Scientific Passions

The nerd world felt a slight disturbance in the force a few weeks back, when the hottest new science popularizer, Neil deGrasse Tyson, argued that philosophy yields little value compared to science. The widely quoted statement that drew ire from philosophical types was Tyson’s observation, in response to someone’s admission to having been a philosophy major: “That can really mess you up.”

Anyone who has ever endured a philosophy class recognizes the truth in this claim, but it became a convenient placeholder for Tyson’s more objectionable comments, which amounted to an assertion that philosophy is navel-gazing sophistry which does not contribute to “our understanding of the natural world.”

“Practical men,” wrote John Maynard Keynes, “who believe themselves to be quite exempt from any intellectual influences, are usually slaves of some defunct economist.” This is doubly true of practical scientists, like the amiable Dr. Tyson, who are enslaved not to economists but to philosophers, even as they pronounce themselves independent of philosophical drudgery.

The amateur philosopher imprisoning Tyson and many of his colleagues is a centuries-dead Frenchman named Laplace, astronomer and mathematician by trade, who in his Philosophical Essay on Probabilities (he was not privy to Tyson’s cautions against philosophizing) expounded a notion that grips most science popularizers today, and a good many social planners as well. It is the notion that if we could capture all the data in the universe, we could understand the past and the present, and predict the future with certainty.

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Crying Ocean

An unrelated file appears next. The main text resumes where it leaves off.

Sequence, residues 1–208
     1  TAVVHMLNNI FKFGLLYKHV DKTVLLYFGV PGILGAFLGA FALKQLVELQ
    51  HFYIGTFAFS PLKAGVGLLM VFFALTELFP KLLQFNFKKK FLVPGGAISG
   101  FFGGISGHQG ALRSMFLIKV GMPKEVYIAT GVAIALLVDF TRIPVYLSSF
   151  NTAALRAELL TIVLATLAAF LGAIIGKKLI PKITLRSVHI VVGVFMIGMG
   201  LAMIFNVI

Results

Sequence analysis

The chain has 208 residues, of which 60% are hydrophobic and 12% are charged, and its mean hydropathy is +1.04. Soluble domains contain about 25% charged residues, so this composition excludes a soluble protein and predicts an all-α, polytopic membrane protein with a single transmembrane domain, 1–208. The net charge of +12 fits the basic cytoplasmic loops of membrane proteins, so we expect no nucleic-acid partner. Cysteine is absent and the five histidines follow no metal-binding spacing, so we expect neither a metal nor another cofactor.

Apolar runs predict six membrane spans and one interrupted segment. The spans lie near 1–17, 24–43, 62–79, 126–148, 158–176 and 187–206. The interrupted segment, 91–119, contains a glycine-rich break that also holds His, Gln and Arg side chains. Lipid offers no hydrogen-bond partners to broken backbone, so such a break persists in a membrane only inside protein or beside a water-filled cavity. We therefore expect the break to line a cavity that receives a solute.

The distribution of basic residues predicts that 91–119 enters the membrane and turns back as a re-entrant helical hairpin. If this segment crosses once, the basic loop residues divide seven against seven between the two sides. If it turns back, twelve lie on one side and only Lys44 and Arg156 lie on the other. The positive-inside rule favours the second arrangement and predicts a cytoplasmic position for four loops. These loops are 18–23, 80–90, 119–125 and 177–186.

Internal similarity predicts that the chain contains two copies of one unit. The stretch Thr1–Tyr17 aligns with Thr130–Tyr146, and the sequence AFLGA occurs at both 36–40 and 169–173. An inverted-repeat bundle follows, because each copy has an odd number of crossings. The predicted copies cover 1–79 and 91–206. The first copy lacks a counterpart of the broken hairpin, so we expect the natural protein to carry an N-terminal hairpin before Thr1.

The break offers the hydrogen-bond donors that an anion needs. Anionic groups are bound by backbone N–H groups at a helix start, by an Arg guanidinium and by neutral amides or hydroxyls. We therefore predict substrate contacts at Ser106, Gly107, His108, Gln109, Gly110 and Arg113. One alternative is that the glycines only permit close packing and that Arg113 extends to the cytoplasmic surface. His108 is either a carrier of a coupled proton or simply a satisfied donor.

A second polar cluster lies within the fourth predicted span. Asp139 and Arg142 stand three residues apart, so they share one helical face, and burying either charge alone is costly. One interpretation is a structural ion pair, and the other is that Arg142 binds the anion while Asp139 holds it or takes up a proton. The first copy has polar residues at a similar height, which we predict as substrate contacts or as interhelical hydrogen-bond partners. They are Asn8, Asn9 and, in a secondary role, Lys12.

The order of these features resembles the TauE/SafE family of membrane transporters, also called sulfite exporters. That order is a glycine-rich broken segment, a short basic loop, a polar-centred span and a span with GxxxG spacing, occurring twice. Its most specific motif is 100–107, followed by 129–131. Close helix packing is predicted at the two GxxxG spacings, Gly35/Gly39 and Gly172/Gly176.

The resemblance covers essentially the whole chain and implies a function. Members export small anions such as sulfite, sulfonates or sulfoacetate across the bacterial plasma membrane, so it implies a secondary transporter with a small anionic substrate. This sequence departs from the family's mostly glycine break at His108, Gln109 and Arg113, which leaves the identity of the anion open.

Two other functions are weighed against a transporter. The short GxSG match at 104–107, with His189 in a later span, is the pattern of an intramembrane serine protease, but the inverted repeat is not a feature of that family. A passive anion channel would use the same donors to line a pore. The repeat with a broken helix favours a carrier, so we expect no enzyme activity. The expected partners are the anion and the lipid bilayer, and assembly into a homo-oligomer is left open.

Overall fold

Guest post by Natalie Vestin

In Judith Kitchen’s essay “Direction,” she writes of traveling with a friend in Greece and being asked to step out of her cab on a dark road by a driver she doesn’t trust. She and her friend refuse to get out, not by saying no, but by huddling in the back seat and crying thalassa, thalassa. Ocean, ocean.

Crying direction and saving themselves.

I split this past summer between residencies in Minnesota and Nebraska, writing, thinking about ocean and about salvation. About what’s inside us—how the matter of our origins can save us. About love for the how of creation and a God who deserves to be loved for the how. About crying thalassa, saying “I am ocean and worth saving.”

I was writing about dance and thinking about bones, calcium, carbonate of lime. Calcium comes from water. When mammals were just a dream on a volcanic and shifting earth, bones were made by water. I’m water, carbonate of lime, the memory of a tide. I was formed by wetness and rolling wave. I’m light and breakable as heaven.

I’m taking some poetic license here. I’m also trying to take a little salvation where I can find it.

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Beauty’s Victory

I go on binges. For days, weeks, months—well, usually not months—but days and weeks anyhow, I get taken by something and it will be all that interests me for a while. I’ll plunge into Faulkner for a time, then breach, crest, and fall into Graham Greene.

Things don’t stay all that highbrow, either; I’m as apt to watch Duck Dynasty marathons as I am to read books. Then again, I might forswear all such pursuits and go into serious training to beat the last five folks who’ve registered their bragging rights on the gym treadmill.